No. No. And NO. NOT TRUE!! In the first place, I said nothing to the boys about the t-shirts. Nothing. There was nothing for them to defy. Secondly, the t-shirts were made for middle school children and my boys are big. For most of them, the shirts were simply too small; they could not have put them on if they tried. Draping their shirts around their necks
was not an act of defiance or marginal compliance; it was, in fact, an act exactly opposite in nature. They donned the shirts in the only manner physically possible because they wanted to belong; they recognized they were part of something great and
wanted to be identified with it.
My boys are not defiant and don’t you (any of you!!) go about assuming they are!
Which brings me to a soap box…….. Teens are great. GREAT!!
A few months ago I was running west on 4800 S (Roy) at the same time that a large group of students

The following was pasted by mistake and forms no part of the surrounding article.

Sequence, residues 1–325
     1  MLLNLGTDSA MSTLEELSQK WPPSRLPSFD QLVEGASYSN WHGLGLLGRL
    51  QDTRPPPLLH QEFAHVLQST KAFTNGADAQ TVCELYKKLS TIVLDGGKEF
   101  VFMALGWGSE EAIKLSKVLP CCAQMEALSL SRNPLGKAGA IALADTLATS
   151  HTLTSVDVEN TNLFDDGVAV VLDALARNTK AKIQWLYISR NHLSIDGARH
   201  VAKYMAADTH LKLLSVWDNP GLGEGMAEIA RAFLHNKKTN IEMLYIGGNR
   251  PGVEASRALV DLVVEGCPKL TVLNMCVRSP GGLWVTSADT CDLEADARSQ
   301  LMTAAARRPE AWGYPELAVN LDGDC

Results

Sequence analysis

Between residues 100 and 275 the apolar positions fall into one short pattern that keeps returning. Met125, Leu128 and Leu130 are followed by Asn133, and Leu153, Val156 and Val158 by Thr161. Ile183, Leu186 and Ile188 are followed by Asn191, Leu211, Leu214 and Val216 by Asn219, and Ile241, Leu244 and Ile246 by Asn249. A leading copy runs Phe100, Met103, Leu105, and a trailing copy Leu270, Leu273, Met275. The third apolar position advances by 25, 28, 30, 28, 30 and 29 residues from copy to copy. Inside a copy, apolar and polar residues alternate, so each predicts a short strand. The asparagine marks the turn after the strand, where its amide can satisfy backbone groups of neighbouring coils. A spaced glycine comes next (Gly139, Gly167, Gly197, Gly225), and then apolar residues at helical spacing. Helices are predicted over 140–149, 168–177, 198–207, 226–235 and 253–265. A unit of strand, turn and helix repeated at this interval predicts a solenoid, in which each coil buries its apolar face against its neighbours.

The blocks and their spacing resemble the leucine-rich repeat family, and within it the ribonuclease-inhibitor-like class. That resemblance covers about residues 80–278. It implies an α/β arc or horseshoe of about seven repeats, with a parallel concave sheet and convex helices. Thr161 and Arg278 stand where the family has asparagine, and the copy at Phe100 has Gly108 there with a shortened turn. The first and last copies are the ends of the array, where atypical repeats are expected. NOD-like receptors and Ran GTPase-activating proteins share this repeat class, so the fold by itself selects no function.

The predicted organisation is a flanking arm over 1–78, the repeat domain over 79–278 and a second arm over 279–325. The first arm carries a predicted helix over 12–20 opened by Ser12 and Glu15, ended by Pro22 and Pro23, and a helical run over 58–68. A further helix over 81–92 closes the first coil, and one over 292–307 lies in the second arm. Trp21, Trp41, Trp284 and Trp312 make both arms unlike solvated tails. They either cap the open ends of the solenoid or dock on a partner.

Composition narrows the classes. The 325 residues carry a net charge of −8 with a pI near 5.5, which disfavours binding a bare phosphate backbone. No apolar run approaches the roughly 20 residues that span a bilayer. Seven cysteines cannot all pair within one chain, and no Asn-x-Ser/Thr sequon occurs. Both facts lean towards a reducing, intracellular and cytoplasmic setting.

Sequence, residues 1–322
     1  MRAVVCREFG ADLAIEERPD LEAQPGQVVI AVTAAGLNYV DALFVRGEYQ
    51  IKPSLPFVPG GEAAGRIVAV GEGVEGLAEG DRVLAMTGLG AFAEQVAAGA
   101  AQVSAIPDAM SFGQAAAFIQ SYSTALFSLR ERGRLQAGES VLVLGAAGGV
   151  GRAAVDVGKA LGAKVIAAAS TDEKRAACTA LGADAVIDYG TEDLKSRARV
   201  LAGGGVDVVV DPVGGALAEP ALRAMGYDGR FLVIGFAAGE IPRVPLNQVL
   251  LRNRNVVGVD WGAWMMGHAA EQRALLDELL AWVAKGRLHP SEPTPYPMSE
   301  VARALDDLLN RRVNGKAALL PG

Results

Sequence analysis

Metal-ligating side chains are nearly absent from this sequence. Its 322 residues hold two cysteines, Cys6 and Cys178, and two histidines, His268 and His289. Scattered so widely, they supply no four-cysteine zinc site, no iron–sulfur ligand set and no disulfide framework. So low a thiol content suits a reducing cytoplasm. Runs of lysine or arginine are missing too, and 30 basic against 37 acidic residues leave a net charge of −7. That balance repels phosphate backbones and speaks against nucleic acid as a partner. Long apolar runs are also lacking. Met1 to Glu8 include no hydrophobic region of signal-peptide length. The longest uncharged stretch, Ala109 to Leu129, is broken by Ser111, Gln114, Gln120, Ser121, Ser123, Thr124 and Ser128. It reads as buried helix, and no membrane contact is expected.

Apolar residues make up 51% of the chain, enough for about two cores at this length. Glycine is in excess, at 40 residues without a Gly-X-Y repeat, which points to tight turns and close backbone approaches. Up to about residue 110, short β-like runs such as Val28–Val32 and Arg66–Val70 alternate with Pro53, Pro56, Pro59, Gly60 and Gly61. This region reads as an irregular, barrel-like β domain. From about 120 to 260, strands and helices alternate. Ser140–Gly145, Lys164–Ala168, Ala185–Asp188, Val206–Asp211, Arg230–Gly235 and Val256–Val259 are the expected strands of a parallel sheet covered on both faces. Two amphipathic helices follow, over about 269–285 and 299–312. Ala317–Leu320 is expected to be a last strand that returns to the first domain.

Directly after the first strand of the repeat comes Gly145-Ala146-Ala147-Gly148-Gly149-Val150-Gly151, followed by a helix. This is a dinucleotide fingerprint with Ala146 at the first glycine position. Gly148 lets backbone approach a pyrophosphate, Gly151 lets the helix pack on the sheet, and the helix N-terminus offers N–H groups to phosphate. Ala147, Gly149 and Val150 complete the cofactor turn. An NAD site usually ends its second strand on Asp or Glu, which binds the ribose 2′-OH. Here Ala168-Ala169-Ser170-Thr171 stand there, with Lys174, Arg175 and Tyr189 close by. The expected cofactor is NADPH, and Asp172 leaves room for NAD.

(over a hundred) was walking west on 4800 S, making their way to Rocky Mountain Junior High. The string of
students stretched intermittently for over a mile. As I ran up behind the first cluster of students, one boy, apparently alerted by my huffing and puffing, told his buddies to step aside. Not only did the group of boys clear the sidewalk for me, they wished me a good day and valiantly refrained from making any rude comments about my shape, size, or lack of speed. [As middle-aged, painfully-slow, not-slim woman in black running tights I gave them many options for cutting comments.] “Wow,” thought I to myself, “What a great group of young people.”
Then I approached a second cluster and the experience repeated itself as it did with a third group of students and a fourth. Every time I ran up behind a set of students, they politely stepped aside to let me pass and frequently yelled to the group ahead, telling them of my approach and advising them to move off the sidewalk. My heart would have swelled in
pride over this group of teens as well if it had not been so busy pumping blood to my legs and lungs.